Collaborating Organization: JISEM
¡Hola! JISEM (Grupo de Jóvenes Investigadores de la Sociedad Española de Microbiología) is the Group of Early Career Scientists of the Spanish Society for Microbiology (SEM). It was launched in 2013 by a small group of PhD students with the goal of enhancing and promoting the activities of the Early Career Scientists within SEM. Since then, it has gained popularity within the Society thanks to its diverse activities, which include:
- Being represented in different SEM Boards of Trustees
- Participating in General SEM Congress and biennial meetings of the Teaching & Dissemination SEM Group, organising sessions and round tables on diverse topics
- Publishing a dedicated section, “MicroJoven”, in SEM’s monthly newsletter “NoticiaSEM” (https://www.semicrobiologia.org/secciones/publicaciones/noticias). These publications include interviews, information on calls and summaries of conferences or courses, among others
- Preparing interviews to senior Spanish researchers from Spain, which can be followed in the YouTube channel of JISEM
- Taking part in the selection process and organization of the Introductory Course to Microbiology Research, a competitive program organized every summer by SEM for final year undergraduate students
- Engaging with the newcomers to the Society and participating in the administration related to their enrollment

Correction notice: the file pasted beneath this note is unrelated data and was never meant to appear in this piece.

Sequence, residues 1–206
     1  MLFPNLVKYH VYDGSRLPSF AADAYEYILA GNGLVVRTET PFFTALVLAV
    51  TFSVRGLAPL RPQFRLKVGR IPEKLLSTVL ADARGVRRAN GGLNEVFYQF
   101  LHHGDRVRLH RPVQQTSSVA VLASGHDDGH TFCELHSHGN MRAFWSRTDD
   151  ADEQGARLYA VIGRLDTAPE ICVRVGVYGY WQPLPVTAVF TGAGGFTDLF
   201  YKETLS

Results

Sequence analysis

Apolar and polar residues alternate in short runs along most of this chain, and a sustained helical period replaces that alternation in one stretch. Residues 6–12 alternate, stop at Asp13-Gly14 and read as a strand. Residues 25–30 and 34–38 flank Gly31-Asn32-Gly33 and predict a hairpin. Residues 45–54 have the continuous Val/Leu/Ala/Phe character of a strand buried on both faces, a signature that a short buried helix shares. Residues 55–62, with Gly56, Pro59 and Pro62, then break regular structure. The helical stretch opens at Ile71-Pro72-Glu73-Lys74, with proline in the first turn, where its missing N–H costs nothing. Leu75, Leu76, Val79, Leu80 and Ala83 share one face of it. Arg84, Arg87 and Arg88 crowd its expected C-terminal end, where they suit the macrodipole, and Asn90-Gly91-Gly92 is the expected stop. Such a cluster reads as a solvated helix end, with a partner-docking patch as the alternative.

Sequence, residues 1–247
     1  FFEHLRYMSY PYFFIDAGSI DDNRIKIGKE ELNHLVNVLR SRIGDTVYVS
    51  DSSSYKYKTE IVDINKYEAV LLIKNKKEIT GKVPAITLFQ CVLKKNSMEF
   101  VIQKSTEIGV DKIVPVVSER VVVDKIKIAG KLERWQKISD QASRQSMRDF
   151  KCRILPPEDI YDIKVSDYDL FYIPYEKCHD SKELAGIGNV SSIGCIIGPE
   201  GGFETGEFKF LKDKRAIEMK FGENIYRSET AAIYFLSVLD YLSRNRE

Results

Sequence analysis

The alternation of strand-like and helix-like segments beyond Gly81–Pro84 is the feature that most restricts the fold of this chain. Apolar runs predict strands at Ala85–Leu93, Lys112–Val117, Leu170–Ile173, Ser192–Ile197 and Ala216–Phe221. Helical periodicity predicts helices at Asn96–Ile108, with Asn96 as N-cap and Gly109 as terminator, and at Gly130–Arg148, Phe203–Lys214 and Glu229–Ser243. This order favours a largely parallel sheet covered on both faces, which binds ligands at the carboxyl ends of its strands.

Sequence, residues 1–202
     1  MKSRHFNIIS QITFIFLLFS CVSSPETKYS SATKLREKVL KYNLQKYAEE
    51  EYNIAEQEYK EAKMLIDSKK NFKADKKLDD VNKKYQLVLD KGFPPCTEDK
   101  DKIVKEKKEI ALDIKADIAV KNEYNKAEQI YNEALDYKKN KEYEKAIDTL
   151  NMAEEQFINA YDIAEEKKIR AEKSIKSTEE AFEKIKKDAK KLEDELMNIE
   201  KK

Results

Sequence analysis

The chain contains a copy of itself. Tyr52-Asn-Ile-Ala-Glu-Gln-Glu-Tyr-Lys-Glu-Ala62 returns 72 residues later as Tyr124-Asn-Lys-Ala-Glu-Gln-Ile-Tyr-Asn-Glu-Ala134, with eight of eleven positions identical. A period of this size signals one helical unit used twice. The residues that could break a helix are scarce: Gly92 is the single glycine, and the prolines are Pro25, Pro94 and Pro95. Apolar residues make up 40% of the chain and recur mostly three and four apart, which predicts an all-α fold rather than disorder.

- Elaborating a catalogue of all the Master’s degrees related to Microbiology in Spanish Universities
- Publishing job offers, grants and relevant articles in their social networks
- Collaborating with FEMS Opportunity Board in the dissemination of job offers
JISEM is always open to enthusiastic Early Career Scientists aiming to collaborate. You can do so by contacting them by email (firstname.lastname@example.org) or through their Facebook profile (https://www.facebook.com/JovenesSEM).
Anaerobic Biological Dehalogenation
FEMS Microbiology Ecology is proud to present this latest thematic issue on Anaerobic Biological Dehalogenation. Knowledge on anaerobic microbial dehalogenation has advanced significantly since its first discovery. Understanding of the biochemistry, physiology and ecology of organohalide-respiring bacteria (OHRB) has allowed development of bioremediation technologies for clean-up of contaminated sites. At the same time, a fundamental understanding of the processes, enzymes and organisms involved has allowed to discover new exciting features in biochemistry and microbiology. OHRB are either members of novel bacterial genera or already known ones with other metabolic features indicating the importance of horizontal gene transfer in this anaerobic respiration process. Reductive dehalogenases, thus far discovered, are all corrinoid-containing enzymes revealing unexpected biochemical features of this cofactor normally known to be involved in alkyl-transfer reactions. This special thematic issue shows nicely that there remains still a lot to be discovered regarding anaerobic biological dehalogenation.